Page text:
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Changing Careers

The requisite warning needs to be given to anyone looking to change careers:  The grass is not always greener on the other side.  With that out of the way, we're ready to provide some advice on how to go about changing careers.

One of the most important quality of life factors is an enjoyable career.  Anyone looking to make a switch certainly doesn't want to wind up in a situation that's unbearable.  In fact, the ideal career is one that will be enjoyed so much you'll want to stay in that job for many years to come.  This should be the frame of mind when planning a change.

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Depending on personal beliefs, someone might want to go through several career changes throughout their life.  If you're looking to switch jobs every two years, the advice that follows is not for you.  That's really just job hopping, which is a completely different topic.

Planning a Career Change

Planning advice is oftentimes described in as little as five simple steps, or as complex as a full-blown 15 step process.  Fortunately, the process doesn't have to be complex.  Let's take a business-like approach and use a well-known four step process:  Assess, Plan, Execute, and Review.

Career Assessment

A career assessment should be the first step in any plan.  A career assessment consists of identifying the likes and dislikes in a job.  For example, you need to think through questions such as:

  • What do you really like doing at work?
  • Which work assignments do you dread?
  • What assignments were considered "fun" (if that is possible at work)?
  • Was it more enjoyable to work in teams or independently?

Make a list if necessary, but the key point here is to identify the kinds of jobs that you like and dislike.  When thinking through these questions, keep asking the "why" question.

  • Why did you like the work?
  • Why was working on a team rewarding?
  • Why do you like interacting with others? (Perhaps you're an extrovert)

During the career assessment stage, look for an understanding of how your skills line up with these ideal jobs.  Do you need more training or experience in a certain skill?  Are you missing a key requirement of the ideal career?

Planning

The next step involves career planning.  In this step, you want to map out a course of action.  We've talked about this concept in more depth in our article:  Career Planning.  You've already identified likes, dislikes, and gaps in the previous step.  Now is the time to create a plan to close any of those gaps.  This could be through training, formal education, networking, or even volunteer work.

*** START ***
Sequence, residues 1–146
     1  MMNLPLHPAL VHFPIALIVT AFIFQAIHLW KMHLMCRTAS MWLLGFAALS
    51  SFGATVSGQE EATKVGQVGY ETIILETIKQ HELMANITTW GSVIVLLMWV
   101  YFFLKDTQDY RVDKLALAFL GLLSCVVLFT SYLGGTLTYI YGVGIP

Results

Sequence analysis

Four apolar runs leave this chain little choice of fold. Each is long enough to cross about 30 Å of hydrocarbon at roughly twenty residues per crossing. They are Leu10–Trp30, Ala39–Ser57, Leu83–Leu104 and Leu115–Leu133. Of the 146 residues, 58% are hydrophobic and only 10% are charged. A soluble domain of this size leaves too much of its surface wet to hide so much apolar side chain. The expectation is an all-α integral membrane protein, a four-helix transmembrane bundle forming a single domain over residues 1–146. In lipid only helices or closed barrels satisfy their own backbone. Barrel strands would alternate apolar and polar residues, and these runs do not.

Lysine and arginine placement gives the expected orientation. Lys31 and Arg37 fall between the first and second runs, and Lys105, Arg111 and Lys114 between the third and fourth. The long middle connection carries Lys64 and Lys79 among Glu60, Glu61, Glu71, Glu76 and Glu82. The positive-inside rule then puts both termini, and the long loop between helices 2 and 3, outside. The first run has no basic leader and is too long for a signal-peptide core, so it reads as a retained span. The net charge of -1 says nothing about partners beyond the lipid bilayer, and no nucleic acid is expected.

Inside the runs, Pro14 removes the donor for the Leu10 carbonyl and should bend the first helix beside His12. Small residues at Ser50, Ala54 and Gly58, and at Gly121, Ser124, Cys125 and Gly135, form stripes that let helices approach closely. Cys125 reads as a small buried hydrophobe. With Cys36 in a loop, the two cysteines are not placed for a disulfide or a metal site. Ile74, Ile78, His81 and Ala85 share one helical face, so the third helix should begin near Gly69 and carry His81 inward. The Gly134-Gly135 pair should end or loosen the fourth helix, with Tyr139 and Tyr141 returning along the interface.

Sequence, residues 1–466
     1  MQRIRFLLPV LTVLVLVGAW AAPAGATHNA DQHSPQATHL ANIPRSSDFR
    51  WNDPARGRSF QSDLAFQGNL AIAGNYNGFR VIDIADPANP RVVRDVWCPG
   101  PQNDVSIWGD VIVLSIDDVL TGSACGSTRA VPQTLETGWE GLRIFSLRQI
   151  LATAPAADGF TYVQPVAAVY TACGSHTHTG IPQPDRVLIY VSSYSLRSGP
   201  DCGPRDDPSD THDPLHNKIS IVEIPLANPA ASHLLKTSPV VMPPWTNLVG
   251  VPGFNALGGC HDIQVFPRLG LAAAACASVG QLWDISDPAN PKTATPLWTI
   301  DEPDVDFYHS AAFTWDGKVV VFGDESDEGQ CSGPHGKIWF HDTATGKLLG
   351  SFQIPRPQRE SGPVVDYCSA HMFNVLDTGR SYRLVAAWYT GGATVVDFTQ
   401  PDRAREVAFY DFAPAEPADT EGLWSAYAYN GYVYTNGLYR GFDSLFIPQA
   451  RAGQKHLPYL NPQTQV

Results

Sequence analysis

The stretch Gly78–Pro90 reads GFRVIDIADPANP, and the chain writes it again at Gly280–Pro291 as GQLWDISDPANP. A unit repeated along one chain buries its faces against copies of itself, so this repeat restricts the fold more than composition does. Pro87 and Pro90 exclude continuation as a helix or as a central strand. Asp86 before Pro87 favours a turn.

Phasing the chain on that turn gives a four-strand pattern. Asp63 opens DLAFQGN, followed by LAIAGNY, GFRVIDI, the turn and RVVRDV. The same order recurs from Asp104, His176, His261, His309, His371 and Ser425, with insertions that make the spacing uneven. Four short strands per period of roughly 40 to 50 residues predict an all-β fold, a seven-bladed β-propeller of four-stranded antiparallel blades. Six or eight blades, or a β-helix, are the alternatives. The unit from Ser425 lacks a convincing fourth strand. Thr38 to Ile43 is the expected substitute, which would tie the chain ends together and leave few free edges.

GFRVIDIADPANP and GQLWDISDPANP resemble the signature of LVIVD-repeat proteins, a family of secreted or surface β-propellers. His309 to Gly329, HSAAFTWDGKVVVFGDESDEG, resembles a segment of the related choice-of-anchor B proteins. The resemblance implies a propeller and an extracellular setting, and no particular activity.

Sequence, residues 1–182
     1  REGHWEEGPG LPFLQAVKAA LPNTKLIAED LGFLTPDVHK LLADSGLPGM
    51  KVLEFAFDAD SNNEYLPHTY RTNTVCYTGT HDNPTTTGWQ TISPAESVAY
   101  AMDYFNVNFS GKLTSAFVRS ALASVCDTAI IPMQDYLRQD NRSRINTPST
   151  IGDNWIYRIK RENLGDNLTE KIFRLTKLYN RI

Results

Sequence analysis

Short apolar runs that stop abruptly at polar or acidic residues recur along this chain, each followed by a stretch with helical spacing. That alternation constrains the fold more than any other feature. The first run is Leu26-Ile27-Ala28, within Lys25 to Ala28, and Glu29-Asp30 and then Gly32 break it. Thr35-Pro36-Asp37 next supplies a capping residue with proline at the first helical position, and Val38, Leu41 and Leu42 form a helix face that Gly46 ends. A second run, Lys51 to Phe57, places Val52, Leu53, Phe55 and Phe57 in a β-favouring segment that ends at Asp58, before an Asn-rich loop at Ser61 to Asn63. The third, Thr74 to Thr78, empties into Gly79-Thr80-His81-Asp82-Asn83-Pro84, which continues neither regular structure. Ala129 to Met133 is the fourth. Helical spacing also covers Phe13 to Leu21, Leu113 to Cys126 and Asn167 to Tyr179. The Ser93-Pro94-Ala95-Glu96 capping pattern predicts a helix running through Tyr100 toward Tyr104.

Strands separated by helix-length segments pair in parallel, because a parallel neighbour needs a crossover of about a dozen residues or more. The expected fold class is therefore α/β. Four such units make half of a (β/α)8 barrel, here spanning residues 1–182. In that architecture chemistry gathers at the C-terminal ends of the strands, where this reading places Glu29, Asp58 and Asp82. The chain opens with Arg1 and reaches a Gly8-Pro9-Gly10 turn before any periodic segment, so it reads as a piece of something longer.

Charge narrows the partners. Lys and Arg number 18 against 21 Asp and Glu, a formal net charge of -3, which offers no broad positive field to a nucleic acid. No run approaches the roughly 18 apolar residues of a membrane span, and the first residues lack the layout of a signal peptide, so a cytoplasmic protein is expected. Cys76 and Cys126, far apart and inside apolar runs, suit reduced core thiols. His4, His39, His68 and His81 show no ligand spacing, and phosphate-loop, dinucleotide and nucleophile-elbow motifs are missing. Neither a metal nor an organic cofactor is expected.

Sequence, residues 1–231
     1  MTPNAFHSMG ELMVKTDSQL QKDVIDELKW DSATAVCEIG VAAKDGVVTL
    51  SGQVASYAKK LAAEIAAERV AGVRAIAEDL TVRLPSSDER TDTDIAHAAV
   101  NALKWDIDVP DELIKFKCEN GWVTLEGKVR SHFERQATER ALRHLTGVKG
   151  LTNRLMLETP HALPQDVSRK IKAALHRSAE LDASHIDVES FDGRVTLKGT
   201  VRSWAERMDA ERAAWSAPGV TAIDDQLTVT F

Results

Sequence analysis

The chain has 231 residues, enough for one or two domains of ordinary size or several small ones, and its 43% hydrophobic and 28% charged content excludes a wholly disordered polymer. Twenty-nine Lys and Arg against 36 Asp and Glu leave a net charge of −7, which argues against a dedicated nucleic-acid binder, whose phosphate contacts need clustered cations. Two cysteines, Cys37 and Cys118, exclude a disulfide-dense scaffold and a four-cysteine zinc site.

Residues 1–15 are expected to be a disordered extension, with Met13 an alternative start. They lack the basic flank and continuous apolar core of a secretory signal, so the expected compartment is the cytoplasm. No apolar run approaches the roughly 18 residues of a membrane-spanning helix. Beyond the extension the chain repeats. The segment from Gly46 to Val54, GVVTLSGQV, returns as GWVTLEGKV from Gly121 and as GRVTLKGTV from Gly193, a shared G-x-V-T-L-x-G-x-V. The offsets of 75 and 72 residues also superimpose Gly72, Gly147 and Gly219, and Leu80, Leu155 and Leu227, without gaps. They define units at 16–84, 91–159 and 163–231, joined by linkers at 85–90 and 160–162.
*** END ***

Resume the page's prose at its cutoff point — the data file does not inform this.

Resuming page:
You also need to start to put a job hunting plan together.  If the future includes a career change, then a clear plan of action is required to make it happen.  If not, then it will never get off the ground.  To summarize, a career plan consists of two components:

  • Job Skills Planning:  ensuring you're qualified for the pending career move.
  • Job Search Planning:  an outline of how to go about finding a job.

Execute the Plan

The third step is to execute against the plan.  You took the time to make one, now it's time to carry out that plan.  That means it's time to start a training class or start a new job search.

We've published an article explaining job search networking, and we have a lot more career development resources to help everyone get started.  The bottom line is you need to start calling all those past contacts, and see if they can help out.  Don't be afraid to ask; the worst someone can say is "I'm sorry."

We're also going to talk later on about a good resume format to use when going through a career change.  That will help you maximize the chances of getting a job interview.

Review the Plan

Once you've started the self-marketing campaign, and begin to see results, or lack of them, it's a good time to step back and review the plan to see what's working and what's not working.  You'll want to review the career plan about a month after deploying it.

If you are not getting a good response, then it's time to revisit the plan.  This is a mistake some people often make; they continue to stick with a defective plan.  While response to a resume is often a function of the job market, make sure the plan is not flawed.  Take a break from charging ahead and step back and take a look at the bigger picture.

Look at everything that's happened, and try to remain objective about the opportunity to change careers right now.  Are you going to find the right job any day now?  Or have you gone weeks without any response to the resume?

Resumes for Career Changes

That last question brings up our final topic: resumes for career changes.  There are three common formats in use today:  chronological, functional, and combination style resumes.

The combination and chronological resume styles list prior work experience in reverse chronological order.  Because of the emphasis on historical jobs, these kinds of resumes are usually not the best style for career changers.

The functional format emphasizes the skills obtained in the past, not necessarily job progression.  Take a look at the functional resume example, and see how it emphasizes skills and knowledge.  The functional resume is typically the most appropriate format to use when thinking about changing careers.


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